Thomas and Mary’s initial deposit in the EISB account was $73. They would deposit an additional $52.41 through July 1, 1854. But beginning on July 15, 1854, they began to withdraw small amounts once or twice a month before closing the account with a final withdrawal of $86 on December 14, 1854.  Michael and Catherine Corcoran had a similar deposit and withdrawal schedule. They also opened their account on May 2, 1853, and made eight regular deposits after that for a total of $235.91. Then, like Thomas and Mary, they suddenly withdrew their entire savings and closed their account on the same date, December 14, 1854.[7] While it is true that most EISB accounts were held only for a year or two, it is most likely that both of these accounts were closed in response to the panic of 1854. The panic was local and short-lived and was in response to news of the failure of the Knickerbocker Savings Bank in December 1854. About 7 percent of the EISB’s account holders, 234 people, closed their accounts between December 11 and December 30.[8]


The Emigrant Industrial Savings Bank deposit-account ledgers for Thomas Murray and Michael Corcoran.

The Murrays and the Corcorans were still living at 20 Cherry Street when the census of their building was recorded on June 11, 1855, and both families had boarders (the census misspells both of their names as Murry and Corchoran). The Murrays had 15 boarders while the Corcorans had seven. Of the 10 units listed in the building, in fact, seven of them had boarders, although not nearly as many.  Of the occupations listed, the vast majority of the men were laborers.  There was also a butcher, a few clerks, a currier, a porter, two sailors and some peddlers. The vast majority of the women had no occupation listed but two were servants and one as a washer.  [9] The cousins might have lived at 20 Cherry Street when they first arrived in America, initially as boarders, or in a smaller apartment together, before saving enough money to move into a bigger apartment and take in boarders of their own.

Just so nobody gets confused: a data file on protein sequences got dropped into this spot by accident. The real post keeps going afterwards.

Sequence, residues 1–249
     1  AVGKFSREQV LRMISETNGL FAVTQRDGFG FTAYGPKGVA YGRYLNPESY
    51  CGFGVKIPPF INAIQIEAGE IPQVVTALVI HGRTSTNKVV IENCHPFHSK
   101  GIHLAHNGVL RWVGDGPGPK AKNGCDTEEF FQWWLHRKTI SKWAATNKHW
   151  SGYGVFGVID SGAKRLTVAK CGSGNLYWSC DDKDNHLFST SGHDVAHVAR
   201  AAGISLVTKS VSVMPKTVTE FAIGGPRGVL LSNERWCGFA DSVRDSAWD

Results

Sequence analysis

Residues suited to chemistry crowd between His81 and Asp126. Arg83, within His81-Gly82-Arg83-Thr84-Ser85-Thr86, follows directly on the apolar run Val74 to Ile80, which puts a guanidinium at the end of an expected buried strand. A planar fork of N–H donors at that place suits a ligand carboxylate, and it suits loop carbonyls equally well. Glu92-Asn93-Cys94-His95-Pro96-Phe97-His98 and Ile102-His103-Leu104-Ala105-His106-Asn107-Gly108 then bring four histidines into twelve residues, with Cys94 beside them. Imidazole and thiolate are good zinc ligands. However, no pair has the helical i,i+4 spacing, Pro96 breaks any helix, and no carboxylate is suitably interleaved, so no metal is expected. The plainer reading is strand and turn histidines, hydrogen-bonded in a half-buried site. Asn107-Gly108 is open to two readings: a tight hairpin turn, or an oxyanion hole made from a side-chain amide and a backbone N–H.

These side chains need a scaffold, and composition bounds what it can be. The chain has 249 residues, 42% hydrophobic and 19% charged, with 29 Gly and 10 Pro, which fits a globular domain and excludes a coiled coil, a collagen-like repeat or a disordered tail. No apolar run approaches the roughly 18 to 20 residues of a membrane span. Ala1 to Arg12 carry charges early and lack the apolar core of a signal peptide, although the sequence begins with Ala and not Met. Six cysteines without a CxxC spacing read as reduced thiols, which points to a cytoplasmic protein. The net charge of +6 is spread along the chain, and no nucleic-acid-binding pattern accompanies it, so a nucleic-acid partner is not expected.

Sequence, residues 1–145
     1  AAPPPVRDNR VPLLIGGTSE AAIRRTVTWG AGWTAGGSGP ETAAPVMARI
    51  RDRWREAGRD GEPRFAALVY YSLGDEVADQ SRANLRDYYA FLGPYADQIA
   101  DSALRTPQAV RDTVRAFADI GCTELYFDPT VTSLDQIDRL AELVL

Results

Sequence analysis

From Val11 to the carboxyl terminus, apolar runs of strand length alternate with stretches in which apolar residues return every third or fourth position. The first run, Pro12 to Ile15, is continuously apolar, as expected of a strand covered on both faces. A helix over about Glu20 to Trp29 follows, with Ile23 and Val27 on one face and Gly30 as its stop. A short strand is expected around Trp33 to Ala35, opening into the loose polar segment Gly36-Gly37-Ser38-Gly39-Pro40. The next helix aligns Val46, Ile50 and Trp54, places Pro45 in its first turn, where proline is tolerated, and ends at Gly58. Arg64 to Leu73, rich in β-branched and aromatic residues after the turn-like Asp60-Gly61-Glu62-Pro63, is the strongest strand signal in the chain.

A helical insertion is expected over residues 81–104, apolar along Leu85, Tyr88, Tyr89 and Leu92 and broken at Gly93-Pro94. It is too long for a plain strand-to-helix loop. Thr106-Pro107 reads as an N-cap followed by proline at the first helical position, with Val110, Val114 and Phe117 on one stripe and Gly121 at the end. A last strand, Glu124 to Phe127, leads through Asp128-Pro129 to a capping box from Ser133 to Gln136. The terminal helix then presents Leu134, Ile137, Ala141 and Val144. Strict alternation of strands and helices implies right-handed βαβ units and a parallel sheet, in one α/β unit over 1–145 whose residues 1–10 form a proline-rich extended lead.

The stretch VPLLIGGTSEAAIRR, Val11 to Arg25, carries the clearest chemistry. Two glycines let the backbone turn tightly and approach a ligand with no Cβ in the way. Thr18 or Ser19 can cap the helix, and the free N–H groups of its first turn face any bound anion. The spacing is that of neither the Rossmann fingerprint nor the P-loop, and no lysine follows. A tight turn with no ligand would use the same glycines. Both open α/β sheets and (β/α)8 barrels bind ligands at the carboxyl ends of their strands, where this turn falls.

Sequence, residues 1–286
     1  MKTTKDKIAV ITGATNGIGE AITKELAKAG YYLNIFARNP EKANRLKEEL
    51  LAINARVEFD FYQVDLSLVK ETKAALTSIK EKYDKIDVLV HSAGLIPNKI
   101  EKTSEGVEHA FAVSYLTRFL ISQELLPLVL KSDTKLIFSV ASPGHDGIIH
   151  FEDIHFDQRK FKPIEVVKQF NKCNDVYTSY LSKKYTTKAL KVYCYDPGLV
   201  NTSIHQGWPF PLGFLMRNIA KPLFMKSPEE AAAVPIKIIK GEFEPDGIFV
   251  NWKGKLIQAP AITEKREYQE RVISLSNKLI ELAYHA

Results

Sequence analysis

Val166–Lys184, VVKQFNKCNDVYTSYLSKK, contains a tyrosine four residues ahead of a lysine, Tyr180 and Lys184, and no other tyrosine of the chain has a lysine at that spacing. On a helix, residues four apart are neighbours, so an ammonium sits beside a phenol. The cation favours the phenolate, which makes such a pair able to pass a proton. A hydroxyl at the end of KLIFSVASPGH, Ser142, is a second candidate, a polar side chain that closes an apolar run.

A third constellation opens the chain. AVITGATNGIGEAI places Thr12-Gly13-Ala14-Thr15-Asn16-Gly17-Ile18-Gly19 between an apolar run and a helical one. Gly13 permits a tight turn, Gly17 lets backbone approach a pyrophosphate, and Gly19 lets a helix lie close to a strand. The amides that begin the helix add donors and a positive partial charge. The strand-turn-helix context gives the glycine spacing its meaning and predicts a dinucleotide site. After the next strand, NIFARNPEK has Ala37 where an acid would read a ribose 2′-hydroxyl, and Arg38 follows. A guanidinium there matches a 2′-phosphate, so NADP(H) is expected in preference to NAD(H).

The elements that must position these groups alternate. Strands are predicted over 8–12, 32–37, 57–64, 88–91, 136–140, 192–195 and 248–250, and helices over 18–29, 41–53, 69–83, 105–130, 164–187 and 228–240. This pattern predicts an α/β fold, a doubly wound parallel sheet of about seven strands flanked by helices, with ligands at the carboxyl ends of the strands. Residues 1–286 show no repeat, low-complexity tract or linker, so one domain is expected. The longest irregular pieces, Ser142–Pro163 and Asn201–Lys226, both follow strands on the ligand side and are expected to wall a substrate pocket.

The 1855 New York State Census listing Thomas Murray (misspelled Murry), his family and his boarders.

In the 1855 New York Census, Thomas Murray, laborer, was listed as being 40 years old and Mary was listed as 30. They had a daughter Bridget, six, most likely the Biddy who had been born aboard the St. Patrick four years earlier (although she is listed as being born in Ireland). There were many discrepancies on age and spelling throughout all of these old records, which was not unusual, especially when it concerned recent immigrants. The family had also added another member, two-year-old Mary, born in New York. The Corcorans were still a family of four, but their daughter Maria, who arrived as an infant three years earlier, is not listed. Michael, 35, Catherine, 33 and John, 12 are all there (and their ages are more in keeping with what they should be when compared with the passenger manifest from their ship), but there is a new child, Catherine, 2, born in New York.[10] No record of Maria was found.  She had perhaps succumbed to something she caught on board the ship, or to one of the many diseases that were prevalent in the tenements of mid-nineteenth century New York.